Introducing . . . . Jessica Dickinson

Lisi Raskin

In a cultural environment where information is received in 30-second blurbs, as gargantuan billboard propaganda, and on swiftly scrolling tickers, Jessica Dickinson’s paintings represent the opposite end of the perceptual spectrum. Meant to be absorbed slowly, gradually, Dickinson’s meticulous paintings are a digression from the breathless pace that characterizes our age of information.

When I think of the work of Jessica Dickinson, I immediately jump to a fairly well-developed fantasy I have about the artist Emma Kunz, a visionary who worked in Switzerland in the early part of the 20th century. In my fantasy, Kunz is in a trance, it is late at night, her room is illuminated by candlelight, and she is accumulating marks and colors, trying to imbue her drawings with healing properties. To dismiss this fantasy as mere romantic mush would be to miss the point. In fact, the critical agency of painting and drawing rests in the hands of artists who believe that artmaking is an activity that can carry energy and emotion and are able to synthesize this belief into a powerful experience for the viewer. Jessica Dickinson is such an artist. Her work challenges the current ethos of hysterical panic, generated from social, political, and visual conditions that make it difficult to give credence to notions like faith, emotion, and intuition. Dickinson's work summons these occurrences, transforms them into felt experiences, and subsequently facilitates something that cannot be quantified.

Dickinson's approach to artmaking is radical. She has set up her practice in opposition to contemporary painting's insecurity; that it must emulate fast-paced digital and popular culture. Dickinson’s paintings are rooted in modest events, the likes of which take place in silence, in our heads, and in the space created by painting and time. She starts with an intuitive sense that may, for example, stem from the desire for a specific surface. Dickinson was particularly struck by the way time and the elements decayed Cimabue's frescoes at the Basilica of St. Francis in Assisi. She chooses visual information for its emotional, spiritual, or psychological resonance. She then sets to work in small gestures that accumulate over the cycle of many months in the studio. Her lexicon of actions includes the layering of tiny marks and washes onto a fresco-like ground. She deftly works back into these marks, scraping away color and revealing what lies beneath, thus forming and unveiling new physical events that become the skin of her paintings. She trusts in time, chance, and her own intuition and uses these principles to guide a series of decisions in order to arrive at a form. A lot of what happens is accidental, pertinent information is drawn out, and Dickinson proceeds, incorporating failure as success. The results are structured and reductive paintings that resist any mode of distribution other than direct experience.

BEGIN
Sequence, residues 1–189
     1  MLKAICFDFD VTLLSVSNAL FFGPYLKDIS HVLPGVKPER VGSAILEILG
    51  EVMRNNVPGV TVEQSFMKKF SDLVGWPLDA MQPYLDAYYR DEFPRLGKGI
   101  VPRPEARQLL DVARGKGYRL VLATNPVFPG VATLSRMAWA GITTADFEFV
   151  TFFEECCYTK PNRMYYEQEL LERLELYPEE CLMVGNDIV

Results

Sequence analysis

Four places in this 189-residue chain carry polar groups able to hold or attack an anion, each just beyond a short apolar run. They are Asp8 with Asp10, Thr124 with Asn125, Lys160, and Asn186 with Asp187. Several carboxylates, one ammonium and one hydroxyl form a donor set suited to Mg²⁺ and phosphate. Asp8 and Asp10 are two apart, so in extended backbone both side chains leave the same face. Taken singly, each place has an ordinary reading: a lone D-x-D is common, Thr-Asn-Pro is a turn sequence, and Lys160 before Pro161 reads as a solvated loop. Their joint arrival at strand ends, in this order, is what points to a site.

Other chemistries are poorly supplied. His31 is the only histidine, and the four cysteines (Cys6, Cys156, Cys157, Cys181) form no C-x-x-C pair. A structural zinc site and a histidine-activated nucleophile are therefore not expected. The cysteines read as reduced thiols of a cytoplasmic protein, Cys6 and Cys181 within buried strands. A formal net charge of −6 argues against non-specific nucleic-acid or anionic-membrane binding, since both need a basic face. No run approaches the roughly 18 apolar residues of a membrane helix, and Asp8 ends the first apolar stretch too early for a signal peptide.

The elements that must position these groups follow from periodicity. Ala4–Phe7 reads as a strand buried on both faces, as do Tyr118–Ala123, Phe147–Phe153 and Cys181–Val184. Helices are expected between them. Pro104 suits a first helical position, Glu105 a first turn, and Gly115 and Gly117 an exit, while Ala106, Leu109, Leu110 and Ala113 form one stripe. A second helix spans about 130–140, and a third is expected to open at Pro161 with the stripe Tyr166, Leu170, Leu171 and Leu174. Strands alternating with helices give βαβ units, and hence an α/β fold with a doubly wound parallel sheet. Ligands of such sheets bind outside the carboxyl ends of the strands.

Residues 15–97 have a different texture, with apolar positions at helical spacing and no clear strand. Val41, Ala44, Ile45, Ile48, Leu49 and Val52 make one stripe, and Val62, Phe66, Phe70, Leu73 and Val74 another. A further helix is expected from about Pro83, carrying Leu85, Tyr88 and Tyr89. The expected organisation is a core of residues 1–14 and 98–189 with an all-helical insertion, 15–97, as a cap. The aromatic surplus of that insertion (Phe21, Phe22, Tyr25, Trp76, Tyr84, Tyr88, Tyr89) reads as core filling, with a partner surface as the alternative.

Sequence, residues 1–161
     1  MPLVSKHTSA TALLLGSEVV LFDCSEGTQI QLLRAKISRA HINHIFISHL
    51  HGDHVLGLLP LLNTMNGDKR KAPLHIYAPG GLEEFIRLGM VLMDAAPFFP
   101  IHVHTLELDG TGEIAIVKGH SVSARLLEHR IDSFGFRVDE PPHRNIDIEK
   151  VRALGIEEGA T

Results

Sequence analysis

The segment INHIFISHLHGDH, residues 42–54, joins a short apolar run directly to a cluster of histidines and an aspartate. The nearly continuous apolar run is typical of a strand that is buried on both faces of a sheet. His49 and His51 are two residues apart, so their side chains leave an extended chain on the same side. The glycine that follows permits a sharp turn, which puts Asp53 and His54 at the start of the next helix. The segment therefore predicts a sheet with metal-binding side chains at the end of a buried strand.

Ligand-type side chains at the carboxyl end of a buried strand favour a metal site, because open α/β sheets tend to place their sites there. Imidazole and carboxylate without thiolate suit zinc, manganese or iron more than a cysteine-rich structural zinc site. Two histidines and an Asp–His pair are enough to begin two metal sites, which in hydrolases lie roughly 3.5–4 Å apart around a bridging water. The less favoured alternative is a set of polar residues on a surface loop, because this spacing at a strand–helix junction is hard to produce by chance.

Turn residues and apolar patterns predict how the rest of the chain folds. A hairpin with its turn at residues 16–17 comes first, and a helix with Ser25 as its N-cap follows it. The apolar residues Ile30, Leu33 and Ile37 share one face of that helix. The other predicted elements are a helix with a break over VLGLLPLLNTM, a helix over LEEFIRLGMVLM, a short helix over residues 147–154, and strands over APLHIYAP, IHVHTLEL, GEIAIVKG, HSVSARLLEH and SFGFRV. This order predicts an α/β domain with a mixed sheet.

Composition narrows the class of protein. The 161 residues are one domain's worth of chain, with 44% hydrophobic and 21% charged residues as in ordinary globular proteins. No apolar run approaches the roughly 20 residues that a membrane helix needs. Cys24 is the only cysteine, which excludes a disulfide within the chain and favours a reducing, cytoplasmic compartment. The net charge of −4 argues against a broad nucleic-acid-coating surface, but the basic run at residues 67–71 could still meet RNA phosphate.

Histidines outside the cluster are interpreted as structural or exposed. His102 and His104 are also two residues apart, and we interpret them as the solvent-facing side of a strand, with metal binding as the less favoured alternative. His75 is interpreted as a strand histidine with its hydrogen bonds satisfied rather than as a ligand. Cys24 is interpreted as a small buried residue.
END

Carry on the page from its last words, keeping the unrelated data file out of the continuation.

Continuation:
Like Jay DeFeo’s work, Dickinson's paintings elude technological reproduction. It is simply impossible to understand the gravity of what the work communicates via pixel interpellation. Dickinson's paintings induce an oneiric state in which feelings of desire and curiosity are slowly activated in your consciousness. At the same time, information enters through your pores, triggering sensate memory: the stuff that you retain somewhere in your being yet can no longer fully recollect. Dickinson herself has stated that she is interested in creating work that is perceptually slow yet emotionally charged because, like Kunz, she believes in the efficacious influence of art that connects with other peoples' senses and feelings.